Wood ash = the old original “potash”
Bob over in Wardensville, West Virginia, writes: “I’ve got a lot of wood ashes. I wonder if I can use them in the garden? And if so where?”
A little bit of ash can be a good thing Bob; but large amounts can cause serious problems.
Wood ashes are a great source of phosphorous, the “P” in the “N-P-K” numbers you see on every label of every fertilizer sold today. Although old-timers will often refer to any form of phosphorus as “potash,” (because the fertilizer was originally created by burning wood and other plant material in a pot) you have the real potash deal!
A little bit of ash goes a long way
Bob over in Wardensville needs help using his abundant supply of wood ashes in the garden.
The phosphorus that is the prominent nutrient in wood ash is responsible for increased flowering and fruiting; phosphorus-heavy fertilizers in general are often used to perk up plants that are blooming poorly.
Bob can use a little bit of his ash for this purpose, but not a lot.
A quarter (medium sized plant) to a half cup (big tree) of ashes spread around the base of a plant, and then covered with some compost or soil, should increase the numbers of flowers and subsequent fruits over the next three to five seasons. But larger amounts can be harmful to plants.
And because it’s a very slow-release mineral, the phosphorus in wood ash remains active in the soil for a long time, so it’s not something you should use every season.
And you won’t see immediate results; it takes a couple of months for potassium to become available to plants. But it should then keep feeding those plants for at least the next three seasons.
Keep ashes away from acid-lovers
Although the phosphorus in wood ash can be beneficial to some flowering plants when applied in small amounts every couple of years, it can be death on a stick to plants that require an acidic soil, like azaleas, rhododendrons, camellias and blueberries.
These plants require a soil that’s lower on the pH scale than naturally occurs in our region — so we add things like Holly-Tone, peat, moss or sulfur to lower the pH of their soil.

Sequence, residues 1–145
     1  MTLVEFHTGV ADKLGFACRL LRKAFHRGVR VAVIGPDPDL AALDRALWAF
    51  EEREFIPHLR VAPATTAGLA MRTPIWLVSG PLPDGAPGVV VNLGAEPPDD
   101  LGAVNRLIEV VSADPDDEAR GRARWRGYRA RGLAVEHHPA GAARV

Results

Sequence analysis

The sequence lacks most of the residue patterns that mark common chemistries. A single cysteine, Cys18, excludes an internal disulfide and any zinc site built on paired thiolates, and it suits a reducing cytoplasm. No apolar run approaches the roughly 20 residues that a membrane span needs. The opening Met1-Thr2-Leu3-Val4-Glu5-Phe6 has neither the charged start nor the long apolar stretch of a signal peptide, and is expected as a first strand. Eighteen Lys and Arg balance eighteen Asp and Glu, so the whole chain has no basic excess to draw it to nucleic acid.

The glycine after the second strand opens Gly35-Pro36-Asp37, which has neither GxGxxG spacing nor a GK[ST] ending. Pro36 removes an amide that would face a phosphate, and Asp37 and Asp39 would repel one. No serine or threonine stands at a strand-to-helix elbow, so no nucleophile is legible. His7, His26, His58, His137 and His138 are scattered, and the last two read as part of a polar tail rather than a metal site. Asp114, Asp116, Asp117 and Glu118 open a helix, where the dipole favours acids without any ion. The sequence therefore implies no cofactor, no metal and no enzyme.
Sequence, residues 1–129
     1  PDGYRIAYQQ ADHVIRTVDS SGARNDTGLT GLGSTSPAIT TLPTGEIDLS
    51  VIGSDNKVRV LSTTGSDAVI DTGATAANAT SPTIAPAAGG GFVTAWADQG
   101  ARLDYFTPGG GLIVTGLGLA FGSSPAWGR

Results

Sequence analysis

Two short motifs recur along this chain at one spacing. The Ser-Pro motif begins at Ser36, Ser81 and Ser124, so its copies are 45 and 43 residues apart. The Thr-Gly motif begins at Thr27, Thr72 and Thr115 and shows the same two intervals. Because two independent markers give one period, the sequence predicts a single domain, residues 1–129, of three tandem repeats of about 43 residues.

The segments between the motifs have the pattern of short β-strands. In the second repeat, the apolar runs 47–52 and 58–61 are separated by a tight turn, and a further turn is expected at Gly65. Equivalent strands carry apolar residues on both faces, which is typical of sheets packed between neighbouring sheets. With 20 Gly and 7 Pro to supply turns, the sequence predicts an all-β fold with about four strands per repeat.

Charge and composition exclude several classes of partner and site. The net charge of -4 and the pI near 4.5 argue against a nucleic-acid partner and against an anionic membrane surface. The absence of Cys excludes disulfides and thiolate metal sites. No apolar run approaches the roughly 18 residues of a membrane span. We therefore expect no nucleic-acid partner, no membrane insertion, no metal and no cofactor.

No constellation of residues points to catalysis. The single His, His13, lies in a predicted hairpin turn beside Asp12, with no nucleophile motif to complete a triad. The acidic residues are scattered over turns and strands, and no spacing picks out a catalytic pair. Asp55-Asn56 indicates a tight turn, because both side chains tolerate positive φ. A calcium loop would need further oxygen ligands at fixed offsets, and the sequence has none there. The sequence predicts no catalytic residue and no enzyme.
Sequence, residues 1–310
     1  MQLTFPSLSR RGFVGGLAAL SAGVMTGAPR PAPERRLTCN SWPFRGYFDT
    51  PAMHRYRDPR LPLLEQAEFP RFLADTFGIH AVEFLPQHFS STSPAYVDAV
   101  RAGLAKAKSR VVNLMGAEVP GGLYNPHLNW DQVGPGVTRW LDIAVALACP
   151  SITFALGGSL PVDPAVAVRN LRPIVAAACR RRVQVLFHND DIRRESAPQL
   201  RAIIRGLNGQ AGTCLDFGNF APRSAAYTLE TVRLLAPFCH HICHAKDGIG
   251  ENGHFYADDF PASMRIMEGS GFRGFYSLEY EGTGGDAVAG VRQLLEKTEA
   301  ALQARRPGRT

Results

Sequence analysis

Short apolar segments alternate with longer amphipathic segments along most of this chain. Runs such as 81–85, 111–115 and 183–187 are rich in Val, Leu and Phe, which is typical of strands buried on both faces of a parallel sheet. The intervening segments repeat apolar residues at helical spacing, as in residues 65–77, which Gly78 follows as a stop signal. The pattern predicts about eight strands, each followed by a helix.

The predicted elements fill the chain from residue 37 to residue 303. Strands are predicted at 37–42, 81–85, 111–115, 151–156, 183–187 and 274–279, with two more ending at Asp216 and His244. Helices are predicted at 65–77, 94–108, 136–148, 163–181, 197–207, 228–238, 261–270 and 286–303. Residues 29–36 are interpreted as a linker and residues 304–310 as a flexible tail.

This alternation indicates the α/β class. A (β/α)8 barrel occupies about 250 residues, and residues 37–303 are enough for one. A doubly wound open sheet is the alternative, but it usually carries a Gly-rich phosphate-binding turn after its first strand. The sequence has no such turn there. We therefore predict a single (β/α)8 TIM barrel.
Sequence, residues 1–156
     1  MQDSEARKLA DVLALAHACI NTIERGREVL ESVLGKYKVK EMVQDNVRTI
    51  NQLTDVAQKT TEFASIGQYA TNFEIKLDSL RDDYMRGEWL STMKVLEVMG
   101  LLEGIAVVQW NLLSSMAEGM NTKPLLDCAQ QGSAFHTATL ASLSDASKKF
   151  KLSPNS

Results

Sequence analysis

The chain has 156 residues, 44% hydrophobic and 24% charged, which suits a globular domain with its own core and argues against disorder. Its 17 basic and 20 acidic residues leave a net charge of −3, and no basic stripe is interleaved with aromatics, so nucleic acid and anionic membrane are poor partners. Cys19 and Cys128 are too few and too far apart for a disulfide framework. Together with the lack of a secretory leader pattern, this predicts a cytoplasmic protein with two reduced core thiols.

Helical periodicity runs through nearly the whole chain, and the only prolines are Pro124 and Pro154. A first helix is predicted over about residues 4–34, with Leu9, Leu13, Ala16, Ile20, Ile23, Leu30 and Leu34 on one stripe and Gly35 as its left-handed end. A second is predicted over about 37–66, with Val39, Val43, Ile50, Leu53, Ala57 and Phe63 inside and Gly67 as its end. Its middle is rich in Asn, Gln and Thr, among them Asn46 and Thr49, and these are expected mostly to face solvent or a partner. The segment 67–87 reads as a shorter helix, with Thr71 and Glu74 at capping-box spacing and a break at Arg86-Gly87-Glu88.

Wood ashes have the opposite effect — their extreme alkalinity can stress or even kill acid-loving plants.
But ashes can work wonders for a lawn
Bob has limited uses for wood ashes in his garden. But his lawn may be a different story. Lawns prefer a slightly acidic to neutral soil — 6.5 to 7 on the pH scale. But many of our soils are more acidic than that, especially in regions affected by acid rain.
Most homeowners spread agricultural lime to neutralize this acidity, but wood ashes are almost as alkaline as that lime — and if you burn wood for heat, they’re free!
If a soil test tells you to spread a certain amount of lime, substitute wood ash in slightly larger amounts: 1.3 pounds of hardwood ash per recommended pound of lime.
Wood ash do’s and don’ts
Bob in Wardensville wants to know how to use his huge store of wood ashes in the garden.
- You can apply 1/4 to 1/2 cup of hardwood ash to the soil underneath perennial plants and flowering trees that are blooming poorly. Cover the ash with some soil or compost to make its nutrients more quickly available to the plants.
- You can also add wood ashes to composted manures to balance out their nutrient content. Use small amounts for cow manure (which is already well-balanced), a good amount for composted horse manure (which is high in nitrogen) and an even larger amount with chicken manure (the most nitrogen-rich of the barnyard manures). Mix the ash well into the manures and then let the mixture sit for a week or two before using near plants.
- You can apply hardwood ashes to your lawn instead of agricultural lime when a soil test reveals that the pH needs to be adjusted upward.
- But do not use wood ash anywhere near plants that require an acidic soil, like azaleas, rhododendrons, camellias and blueberries.
Meet Mike in Fredericksburg in March!
Mike will appear Saturday and Sunday, March 17 and 18 at the Fredericksburg Home & Flower Show at the Expo Center in Fredericksburg, Virginia; Saturday at noon and 3 p.m., Sunday at noon and 2 p.m.
Special note: So far, this is Mike’s only scheduled D.C.-area appearance this spring!
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